WASHINGTON — Two post-presidential Barack Obamas emerged this week.
The first was the civic-minded one, seated on a stage in Chicago, where he talked about the importance of community organizing and told a student audience that he had succeeded in politics because people believed “my values were not so different from theirs.”
The other was the one set to cash a $400,000 check from Wall Street — the same amount as his yearly salary during his time in the White House — when he delivers a speech in September at a health care conference run by Cantor Fitzgerald, a trading and investment firm.
On Wednesday, Obama’s spokesman defended the former president’s coming speech, saying Obama decided to give it because health care changes were important to him. The spokesman, Eric Schultz, noted that Cantor Fitzgerald is a Wall Street firm but pointed out in a statement that as a presidential candidate, Obama raised money from Wall Street and went on to aggressively regulate it.
Obama will spend most of his post-presidency, Schultz said, “training and elevating a new generation of political leaders in America.”
Throughout his years in the White House, Obama championed the problems of the poor even as he showed an affinity for Hollywood superstars, elite artists and technology billionaires. As he left the White House, Obama made it clear that he wanted to continue working for those who struggle to climb what he often called the “ladders of opportunity.” During his remarks Monday to students at the University of Chicago, he spoke about the need to pursue the right things in life, not just fame or money.
“If you’re more concerned with ‘I want to be a congressman’ or ‘I want to be a senator’ or ‘I want to be rich,’ some people may succeed in chasing that goal, but when they get there, they don’t know what to do with it,” Obama said.
But the former president’s departure from office was also marked by the mother of all parties: a celebrity-filled White House romp two weeks before Inauguration Day that went past 4 a.m. and included guests like Meryl Streep, Tom Hanks, Stevie Wonder and Paul McCartney.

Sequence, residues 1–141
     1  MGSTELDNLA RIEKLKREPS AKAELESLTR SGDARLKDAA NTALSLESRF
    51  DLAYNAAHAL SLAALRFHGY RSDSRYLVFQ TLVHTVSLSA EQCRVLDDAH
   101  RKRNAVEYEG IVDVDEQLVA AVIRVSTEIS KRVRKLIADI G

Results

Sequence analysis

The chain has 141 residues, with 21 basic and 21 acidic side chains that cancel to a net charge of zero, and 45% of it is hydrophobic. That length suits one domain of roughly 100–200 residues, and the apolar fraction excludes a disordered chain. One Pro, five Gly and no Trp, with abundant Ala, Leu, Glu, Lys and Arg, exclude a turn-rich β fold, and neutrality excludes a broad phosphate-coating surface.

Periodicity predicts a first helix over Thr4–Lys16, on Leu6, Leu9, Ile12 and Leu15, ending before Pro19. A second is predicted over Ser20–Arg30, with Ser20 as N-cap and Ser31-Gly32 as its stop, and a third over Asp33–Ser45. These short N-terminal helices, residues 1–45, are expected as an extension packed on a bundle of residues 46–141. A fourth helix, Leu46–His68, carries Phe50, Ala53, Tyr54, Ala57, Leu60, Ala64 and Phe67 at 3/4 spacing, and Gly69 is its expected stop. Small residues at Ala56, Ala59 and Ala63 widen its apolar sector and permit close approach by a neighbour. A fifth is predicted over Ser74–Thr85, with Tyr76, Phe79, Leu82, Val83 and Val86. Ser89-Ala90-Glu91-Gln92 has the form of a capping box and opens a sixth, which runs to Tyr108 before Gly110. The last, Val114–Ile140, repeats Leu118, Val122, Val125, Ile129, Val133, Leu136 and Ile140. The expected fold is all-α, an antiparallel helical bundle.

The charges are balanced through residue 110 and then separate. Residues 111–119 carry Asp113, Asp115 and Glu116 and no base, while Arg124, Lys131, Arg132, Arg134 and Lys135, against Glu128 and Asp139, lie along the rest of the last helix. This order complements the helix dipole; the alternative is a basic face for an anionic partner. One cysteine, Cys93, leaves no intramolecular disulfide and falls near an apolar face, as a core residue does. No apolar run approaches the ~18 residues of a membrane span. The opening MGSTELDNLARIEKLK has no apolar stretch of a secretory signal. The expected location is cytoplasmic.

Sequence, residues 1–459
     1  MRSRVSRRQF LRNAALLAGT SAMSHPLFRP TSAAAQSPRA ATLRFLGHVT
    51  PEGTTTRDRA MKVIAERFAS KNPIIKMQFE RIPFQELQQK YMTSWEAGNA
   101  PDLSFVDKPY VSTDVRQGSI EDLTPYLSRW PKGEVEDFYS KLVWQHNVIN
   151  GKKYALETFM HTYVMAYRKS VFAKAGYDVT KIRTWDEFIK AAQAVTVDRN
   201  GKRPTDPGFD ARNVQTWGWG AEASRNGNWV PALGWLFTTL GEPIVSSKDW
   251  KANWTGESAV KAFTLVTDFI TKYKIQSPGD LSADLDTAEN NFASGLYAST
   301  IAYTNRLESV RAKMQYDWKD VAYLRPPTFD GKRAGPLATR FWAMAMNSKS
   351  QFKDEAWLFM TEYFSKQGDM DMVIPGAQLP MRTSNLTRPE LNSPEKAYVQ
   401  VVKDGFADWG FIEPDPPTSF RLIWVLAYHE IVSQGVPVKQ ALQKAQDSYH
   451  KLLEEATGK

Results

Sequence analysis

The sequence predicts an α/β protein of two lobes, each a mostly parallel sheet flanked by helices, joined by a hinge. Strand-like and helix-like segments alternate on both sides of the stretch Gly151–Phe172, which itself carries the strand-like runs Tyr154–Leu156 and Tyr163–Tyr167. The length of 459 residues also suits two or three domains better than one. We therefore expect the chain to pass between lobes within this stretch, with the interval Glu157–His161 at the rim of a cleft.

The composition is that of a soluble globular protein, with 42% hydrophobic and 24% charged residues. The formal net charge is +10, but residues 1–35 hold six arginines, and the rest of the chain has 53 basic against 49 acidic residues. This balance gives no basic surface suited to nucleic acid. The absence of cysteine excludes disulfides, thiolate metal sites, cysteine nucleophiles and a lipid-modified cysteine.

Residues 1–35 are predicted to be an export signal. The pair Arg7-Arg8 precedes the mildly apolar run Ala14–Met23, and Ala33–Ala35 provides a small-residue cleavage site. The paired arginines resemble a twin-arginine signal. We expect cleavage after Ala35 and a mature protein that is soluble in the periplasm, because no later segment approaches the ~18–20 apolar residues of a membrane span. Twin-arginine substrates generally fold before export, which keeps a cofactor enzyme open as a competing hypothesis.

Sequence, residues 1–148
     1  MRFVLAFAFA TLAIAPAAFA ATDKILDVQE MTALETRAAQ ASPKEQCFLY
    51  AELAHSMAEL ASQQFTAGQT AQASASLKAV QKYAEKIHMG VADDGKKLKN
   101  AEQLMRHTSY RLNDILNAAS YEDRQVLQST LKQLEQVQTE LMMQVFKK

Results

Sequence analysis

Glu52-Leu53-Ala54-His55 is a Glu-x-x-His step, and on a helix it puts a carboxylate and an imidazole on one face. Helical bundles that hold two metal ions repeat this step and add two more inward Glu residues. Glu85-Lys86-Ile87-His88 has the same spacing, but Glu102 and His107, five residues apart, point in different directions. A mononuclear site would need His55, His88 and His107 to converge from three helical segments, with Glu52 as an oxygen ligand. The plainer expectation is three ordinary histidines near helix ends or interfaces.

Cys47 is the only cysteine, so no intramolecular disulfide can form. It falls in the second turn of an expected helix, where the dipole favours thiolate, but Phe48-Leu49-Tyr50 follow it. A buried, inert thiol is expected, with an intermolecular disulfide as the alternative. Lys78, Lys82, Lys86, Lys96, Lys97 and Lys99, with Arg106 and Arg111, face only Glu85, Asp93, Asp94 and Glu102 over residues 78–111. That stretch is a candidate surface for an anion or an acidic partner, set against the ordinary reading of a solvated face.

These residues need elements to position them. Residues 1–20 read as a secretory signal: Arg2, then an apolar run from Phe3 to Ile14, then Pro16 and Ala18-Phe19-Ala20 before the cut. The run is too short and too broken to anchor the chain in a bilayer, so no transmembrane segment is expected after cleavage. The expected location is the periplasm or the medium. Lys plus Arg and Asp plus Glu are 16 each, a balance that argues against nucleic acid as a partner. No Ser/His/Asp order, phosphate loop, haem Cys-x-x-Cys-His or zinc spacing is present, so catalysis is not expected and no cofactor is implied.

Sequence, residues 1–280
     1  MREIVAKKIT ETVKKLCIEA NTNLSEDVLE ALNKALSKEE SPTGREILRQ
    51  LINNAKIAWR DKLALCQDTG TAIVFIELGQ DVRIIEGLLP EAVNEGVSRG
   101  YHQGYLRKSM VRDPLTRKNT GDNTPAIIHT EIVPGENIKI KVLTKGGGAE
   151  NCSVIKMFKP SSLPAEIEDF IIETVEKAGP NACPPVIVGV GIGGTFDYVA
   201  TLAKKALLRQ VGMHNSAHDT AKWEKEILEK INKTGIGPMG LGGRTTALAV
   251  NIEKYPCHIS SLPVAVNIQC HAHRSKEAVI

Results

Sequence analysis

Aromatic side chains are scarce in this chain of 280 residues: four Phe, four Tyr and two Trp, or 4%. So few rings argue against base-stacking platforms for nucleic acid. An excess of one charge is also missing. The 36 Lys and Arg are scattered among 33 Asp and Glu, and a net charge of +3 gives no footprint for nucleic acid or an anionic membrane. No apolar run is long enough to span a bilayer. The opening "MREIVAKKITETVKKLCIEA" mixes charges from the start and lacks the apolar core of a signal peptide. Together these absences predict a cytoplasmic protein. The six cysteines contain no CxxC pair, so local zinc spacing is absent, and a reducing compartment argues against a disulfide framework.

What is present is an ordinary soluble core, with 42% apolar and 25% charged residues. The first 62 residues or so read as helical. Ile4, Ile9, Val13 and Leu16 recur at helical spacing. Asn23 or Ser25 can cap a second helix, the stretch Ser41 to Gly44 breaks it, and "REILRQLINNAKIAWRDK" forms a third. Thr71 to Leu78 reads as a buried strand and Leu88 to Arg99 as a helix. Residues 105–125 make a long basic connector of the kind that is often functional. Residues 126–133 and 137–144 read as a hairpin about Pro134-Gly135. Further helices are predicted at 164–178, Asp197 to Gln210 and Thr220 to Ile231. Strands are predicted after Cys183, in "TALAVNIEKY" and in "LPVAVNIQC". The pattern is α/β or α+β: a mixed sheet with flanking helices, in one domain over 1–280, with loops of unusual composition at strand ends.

Obama’s first few months after leaving the White House were spent kitesurfing with Richard Branson, the billionaire founder of the Virgin Group, and soaking up the French Polynesian sun with Oprah Winfrey, Bruce Springsteen and Hanks on a yacht owned by David Geffen, a billionaire and Hollywood mogul.
Obama and his family now live in an 8,200-square-foot, nine-bedroom home in Washington valued at $6 million. The house, which rents for an estimated $22,000 a month, is in one of Washington’s richest neighborhoods, surrounded by ambassadors, executives and other members of the political elite.
“I don’t think that former presidents necessarily take vows of poverty, or should,” said David Axelrod, one of Obama’s closest advisers. “Will he be out there doing good? I think he will be. I watched him for eight years devote every ounce of his energy and thought and attention to the service of this country. I hope that he does find some personal time and solace and enjoyment now. He’s earned it.”
Obama is hardly the first former president to collect big checks after his time in the White House. Former President Bill Clinton became rich after leaving office, earning an average of more than $200,000 per speech over more than a decade. And former President George W. Bush was blunt when asked, shortly after he left office, what he intended to do.
“I’ll give some speeches, just to replenish the ol’ coffers,” he told The New York Times in 2007. Eventually, Bush reportedly received $100,000 to $175,000 for each appearance.
In 1989, Ronald Reagan earned $2 million for a week of speechmaking in Japan after leaving office. The Japan visit, for which he was subsequently the subject of derision, was sponsored by Fujisankei Communications Group, the country’s largest media conglomerate.
“Every president since I’ve been active in politics immediately got whacked for big speechifying” after leaving office, said Joe Trippi, a veteran Democratic strategist. “I can’t remember it not happening. And they never look good.”
Obama, who grew up without great wealth, had amassed several million dollars by the time he became president, mostly from sales of his first book, “Dreams From My Father.” He and his wife, Michelle, have each received multimillion-dollar contracts to write new memoirs. Some reports pegged the two book deals together at a total of $60 million.
The Cantor Fitzgerald speech will take place at a hotel in New York, where the firm hopes to woo wealthy investors, mutual fund representatives and hedge fund executives to the conference.
Hillary Clinton gave numerous speeches to Wall Street companies before her 2016 presidential campaign, in which she was savaged by her opponents on the left for taking more than $2 million for the appearances.
In a television commercial during the Democratic primary contests, Sen. Bernie Sanders, I-Vt., unleashed a thinly veiled attack on Clinton for her speechmaking.
“Wall Street banks shower Washington politicians with campaign contributions and speaking fees,” the narrator in the ad says. “While Washington politicians are paid over $200,000 an hour for speeches, they oppose raising the living wage to $15 an hour. Two hundred thousand dollars an hour for them, but not even 15 bucks an hour for all Americans. Enough is enough.”
The Cantor Fitzgerald speech is part of what Obama’s aides have described as a series of public and private events that the former president began on Monday in Chicago. Obama is scheduled to deliver a speech in Boston on May 7 at the John F. Kennedy Library and Foundation. In May, he plans to hold a similar public conversation with Chancellor Angela Merkel of Germany.